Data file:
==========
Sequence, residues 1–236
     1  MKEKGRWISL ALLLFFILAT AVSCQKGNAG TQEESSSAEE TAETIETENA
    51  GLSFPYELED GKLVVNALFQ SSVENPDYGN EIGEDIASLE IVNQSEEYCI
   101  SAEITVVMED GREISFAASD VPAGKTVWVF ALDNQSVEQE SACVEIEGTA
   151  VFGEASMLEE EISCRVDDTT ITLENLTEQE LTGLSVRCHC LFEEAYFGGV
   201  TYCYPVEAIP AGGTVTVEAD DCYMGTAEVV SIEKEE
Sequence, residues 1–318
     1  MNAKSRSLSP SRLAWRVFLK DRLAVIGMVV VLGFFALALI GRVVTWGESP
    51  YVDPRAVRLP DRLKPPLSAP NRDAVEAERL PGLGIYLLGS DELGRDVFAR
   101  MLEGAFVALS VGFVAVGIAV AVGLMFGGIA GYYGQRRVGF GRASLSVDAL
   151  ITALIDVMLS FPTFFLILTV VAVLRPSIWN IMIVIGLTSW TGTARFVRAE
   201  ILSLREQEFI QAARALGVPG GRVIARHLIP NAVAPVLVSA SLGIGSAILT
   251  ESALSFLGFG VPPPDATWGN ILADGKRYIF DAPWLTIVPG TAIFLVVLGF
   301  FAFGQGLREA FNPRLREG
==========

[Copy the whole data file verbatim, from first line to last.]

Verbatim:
Sequence, residues 1–236
     1  MKEKGRWISL ALLLFFILAT AVSCQKGNAG TQEESSSAEE TAETIETENA
    51  GLSFPYELED GKLVVNALFQ SSVENPDYGN EIGEDIASLE IVNQSEEYCI
   101  SAEITVVMED GREISFAASD VPAGKTVWVF ALDNQSVEQE SACVEIEGTA
   151  VFGEASMLEE EISCRVDDTT ITLENLTEQE LTGLSVRCHC LFEEAYFGGV
   201  TYCYPVEAIP AGGTVTVEAD DCYMGTAEVV SIEKEE
Sequence, residues 1–318
     1  MNAKSRSLSP SRLAWRVFLK DRLAVIGMVV VLGFFALALI GRVVTWGESP
    51  YVDPRAVRLP DRLKPPLSAP NRDAVEAERL PGLGIYLLGS DELGRDVFAR
   101  MLEGAFVALS VGFVAVGIAV AVGLMFGGIA GYYGQRRVGF GRASLSVDAL
   151  ITALIDVMLS FPTFFLILTV VAVLRPSIWN IMIVIGLTSW TGTARFVRAE
   201  ILSLREQEFI QAARALGVPG GRVIARHLIP NAVAPVLVSA SLGIGSAILT
   251  ESALSFLGFG VPPPDATWGN ILADGKRYIF DAPWLTIVPG TAIFLVVLGF
   301  FAFGQGLREA FNPRLREG